Egg-sperimental whisky: Maison Lineti

Hello strangers. It seems appropriate at Easter to break from a disgracefully long – book induced – absence to wander around the egg box in St.Emilion which is home to Maison Lineti

Read on…

For years, wines and spirits were kept separate, with some Cognac and Armagnac to some extent tolerated because they were made from grapes. Maybe this is just me being paranoid, but you seemed to get the feeling that spirits were ‘trade’, wine elevated. Never should the twain meet. Thankfully, that that boundary is steadily eroding. What can wine add to whisky? Not in terms of casks for finishing (something which is often clumsily done, but let’s leave that for another day, eh?), but a deeper exchange. 

Finding out just what is possible is why I’m driving with Magali Picard through the vineyards of Pomerol and St.Emilion to see a whisky distillery. Dark gnarly vines, the occasional person pruning, a man with a horse and plough, stubby modest wineries which seem to rise from the earth. It’s not exactly classic whisky country. 

Some background. Maison Lineti was founded by Magali Picard, her husband Alex Cosculluela, and Xavier Payan. Magali has a doctorate in oenology and for the past five years has been heading the research department at Tonnellerie Demptos. Want to know anything about oak? Ask her. 

Alex, who has an MSc in wine and spirits, met Xavier at Bordeaux’s Kedge business school . Xavier in turn then went to work for JM Cazes, owner of Châteaux Lynch-Bages (and others). All believed in a new interpretation of whisky, one influenced and guided by wine. With investment from the Thienpont family (owners Vieux Château-Certan, Le Pin and a host of others) building started in 2021 and the first spirit arrived a year after. 

The ‘Egg Box’

While organic barley is unusual in Scotch (Nc’nean remains the sole 100% organic producer), in France, it would seem, it is the norm for whisky. Maison Lineti’s is malted by Soufflet, but as will become apparent as the day progresses, for the team there’s always some other detail to be explore.

‘The malt is of good quality,’ says Magali, ‘but our aim is for a spirit that has floral characters, minerality, suppleness, and tension. We think that we can increase the floral character in the malting process, so we’re working with Soufflet on a bespoke regime.’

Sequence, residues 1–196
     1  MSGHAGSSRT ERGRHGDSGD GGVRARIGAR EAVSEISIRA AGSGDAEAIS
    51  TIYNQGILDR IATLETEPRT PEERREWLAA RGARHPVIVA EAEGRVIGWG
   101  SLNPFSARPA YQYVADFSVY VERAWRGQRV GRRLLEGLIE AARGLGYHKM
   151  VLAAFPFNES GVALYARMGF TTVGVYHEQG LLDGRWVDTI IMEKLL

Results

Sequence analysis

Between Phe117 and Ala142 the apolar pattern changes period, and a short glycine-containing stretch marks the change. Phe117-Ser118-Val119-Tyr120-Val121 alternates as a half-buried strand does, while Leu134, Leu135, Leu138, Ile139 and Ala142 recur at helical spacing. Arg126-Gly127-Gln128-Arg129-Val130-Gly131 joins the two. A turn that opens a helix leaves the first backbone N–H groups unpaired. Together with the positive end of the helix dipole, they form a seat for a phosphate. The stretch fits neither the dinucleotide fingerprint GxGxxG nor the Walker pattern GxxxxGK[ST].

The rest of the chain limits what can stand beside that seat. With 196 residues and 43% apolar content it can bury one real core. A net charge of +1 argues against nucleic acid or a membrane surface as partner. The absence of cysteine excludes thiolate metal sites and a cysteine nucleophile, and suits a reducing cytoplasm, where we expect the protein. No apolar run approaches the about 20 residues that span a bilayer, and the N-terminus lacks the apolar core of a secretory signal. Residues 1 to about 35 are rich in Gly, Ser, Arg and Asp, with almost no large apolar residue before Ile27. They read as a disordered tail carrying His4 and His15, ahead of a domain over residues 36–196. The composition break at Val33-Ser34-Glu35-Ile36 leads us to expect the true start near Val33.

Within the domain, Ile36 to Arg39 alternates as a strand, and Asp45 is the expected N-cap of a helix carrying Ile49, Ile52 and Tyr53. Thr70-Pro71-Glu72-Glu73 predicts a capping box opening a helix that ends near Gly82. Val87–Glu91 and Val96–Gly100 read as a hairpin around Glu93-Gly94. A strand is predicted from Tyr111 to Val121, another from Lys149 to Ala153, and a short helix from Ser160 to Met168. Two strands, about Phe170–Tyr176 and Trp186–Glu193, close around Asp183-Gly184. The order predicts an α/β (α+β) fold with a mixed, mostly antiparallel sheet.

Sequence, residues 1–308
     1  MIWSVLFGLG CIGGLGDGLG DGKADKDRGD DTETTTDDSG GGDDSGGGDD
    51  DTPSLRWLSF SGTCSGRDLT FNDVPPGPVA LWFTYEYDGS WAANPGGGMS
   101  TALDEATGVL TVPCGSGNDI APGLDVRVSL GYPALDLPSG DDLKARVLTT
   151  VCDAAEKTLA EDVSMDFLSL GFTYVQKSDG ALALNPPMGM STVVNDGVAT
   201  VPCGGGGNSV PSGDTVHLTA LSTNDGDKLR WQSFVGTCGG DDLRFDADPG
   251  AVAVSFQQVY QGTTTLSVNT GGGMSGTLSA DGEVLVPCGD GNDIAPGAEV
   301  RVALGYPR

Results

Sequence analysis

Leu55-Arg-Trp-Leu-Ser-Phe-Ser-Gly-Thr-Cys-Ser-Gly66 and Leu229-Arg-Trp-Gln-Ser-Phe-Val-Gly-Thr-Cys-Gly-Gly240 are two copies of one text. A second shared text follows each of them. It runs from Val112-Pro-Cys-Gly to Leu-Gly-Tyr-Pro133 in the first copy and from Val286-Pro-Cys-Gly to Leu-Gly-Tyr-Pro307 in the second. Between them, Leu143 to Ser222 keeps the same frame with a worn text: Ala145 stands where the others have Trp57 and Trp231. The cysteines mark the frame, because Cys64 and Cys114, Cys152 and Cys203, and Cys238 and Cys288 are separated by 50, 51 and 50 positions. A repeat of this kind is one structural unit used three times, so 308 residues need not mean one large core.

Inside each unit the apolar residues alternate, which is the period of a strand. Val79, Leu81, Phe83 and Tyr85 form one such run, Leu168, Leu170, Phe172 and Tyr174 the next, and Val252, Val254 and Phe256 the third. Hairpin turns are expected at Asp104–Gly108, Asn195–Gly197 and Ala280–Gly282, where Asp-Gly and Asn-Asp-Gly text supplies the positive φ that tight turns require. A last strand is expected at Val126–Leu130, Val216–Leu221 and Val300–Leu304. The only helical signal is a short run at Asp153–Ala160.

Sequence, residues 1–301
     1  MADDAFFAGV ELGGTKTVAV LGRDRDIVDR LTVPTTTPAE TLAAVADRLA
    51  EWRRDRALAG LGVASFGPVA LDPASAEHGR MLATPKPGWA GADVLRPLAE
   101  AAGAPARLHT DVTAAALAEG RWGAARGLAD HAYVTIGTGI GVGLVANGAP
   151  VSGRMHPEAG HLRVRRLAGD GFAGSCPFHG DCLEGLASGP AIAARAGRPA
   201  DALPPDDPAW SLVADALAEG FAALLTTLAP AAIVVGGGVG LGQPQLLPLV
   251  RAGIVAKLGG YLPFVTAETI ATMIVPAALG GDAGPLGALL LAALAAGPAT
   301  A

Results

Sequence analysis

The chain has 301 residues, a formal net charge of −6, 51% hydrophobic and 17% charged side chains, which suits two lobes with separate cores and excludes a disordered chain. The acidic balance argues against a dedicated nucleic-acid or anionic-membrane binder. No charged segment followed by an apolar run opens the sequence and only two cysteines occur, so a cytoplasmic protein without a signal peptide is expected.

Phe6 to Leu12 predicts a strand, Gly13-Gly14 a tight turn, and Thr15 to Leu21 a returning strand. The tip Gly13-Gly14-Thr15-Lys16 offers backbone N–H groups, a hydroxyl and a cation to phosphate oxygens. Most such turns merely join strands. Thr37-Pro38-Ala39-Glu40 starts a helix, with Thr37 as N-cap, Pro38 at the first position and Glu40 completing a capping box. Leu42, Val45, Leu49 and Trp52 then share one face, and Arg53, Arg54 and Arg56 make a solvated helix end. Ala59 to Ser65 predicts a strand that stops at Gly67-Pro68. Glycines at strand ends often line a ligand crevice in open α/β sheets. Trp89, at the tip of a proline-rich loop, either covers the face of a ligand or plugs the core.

The minerality, Alex explains, comes from the aquifer 300m below the distillery. ‘The water’s high in calcium and sodium – that’s also good for developing the floral character. We adapted our process to the water, not the other way around.’ It’s a break with the convention which that water makes no difference. Everything here is being questioned and analysed. 

The most dramatic break from the norm is in fermentation. Instead of the usual wooden or stainless steel tanks there are seven tall white ceramic eggs. OK… why?

‘We’re looking interaction between the lees and the wash,’ says Alex. Lees is not a term used in whisky, but in wine it refers to the the dead yeast cells left after fermentation. Leaving them in contact with the wine releases amino acids and some sugars giving the wine a thicker texture. As whisky has lees, why not use them in the same way?

‘The egg shape creates thermal currents which moves the lees around, giving greater lees interaction’ he continues. ‘It also keeps the temperature at 28˚ which in turn optimises the yeast we’re using.’ 

Inside the egg

This churn is allowed to carry on for a week. Keen to explore more, this year they’ve been dropping the temperature to 7˚C after the week-long ferment and leaving the wash on lees for a further fortnight. Because of the low temperature, there’s no more movement within the egg, the lees are pumped over each day. It’s a wine thing. Get over it. ‘We love lees in France!’ he laughs. ‘They give fatness. It’s common in wine… just not in whisky …’ He smiles, shrugs. ‘Everything is being done for aromatics and feel.’

It would be rude not to taste some wash. At five days, there’s some floral elements, even pineapple, but also a vibrant, lemony acidity. After two weeks on lees tropical fruits emerge, but the raciness is retained. Here’s the tension Magali was talking about. 

‘It’s, how do you say it in English?’ says Alex, pointing to his back. 

‘The spine.’

‘Yes. If you are wanting long-lived whisky with character you have to have this spine.’

Tension. You need it in life, let’s face it. To stop thing becoming, you know, flabby and too comfortable. It’s a good quality. 

The pair of Charentais stills

Things appear to return to a degree of normality in the stillhouse with its pair of Charentais-style stills. It’s a design that’s fairly common in French whisky distilleries these, not least because Cognac producers (where by law these stills have to be used) are making whisky in the downtime between the end of the distillation period and the next vintage (by law all distillation must cease by March 31).

They’re direct fired, the belly of the still encased inside a brick oven with only its curving shoulder showing. It then swells into an onion-shaped head which thins into a slender, curving swan neck.

By now I know there’s going to be some variation on straightforward double distillation. A heads cut is taken in the first distillation which is retained for the next run. The low wines are redistilled and cut into heads, heart, and tail. Again, the heads go back to the next wash distillation. 

The heart, diluted, is casked, but the tails are handled differently. In one of the stills, after the cut is taken, the distillation continues to be run slowly – another six hours. These ‘slow tails’ are then recycled with the next lot of low wines. 

The temperature is raised in the other still, producing ‘fast tails’ (the term’s relative, this still takes four hours) which go back to the next wash distillation. The inspiration isn’t wine this time, but an adaptation of a Cognac approach.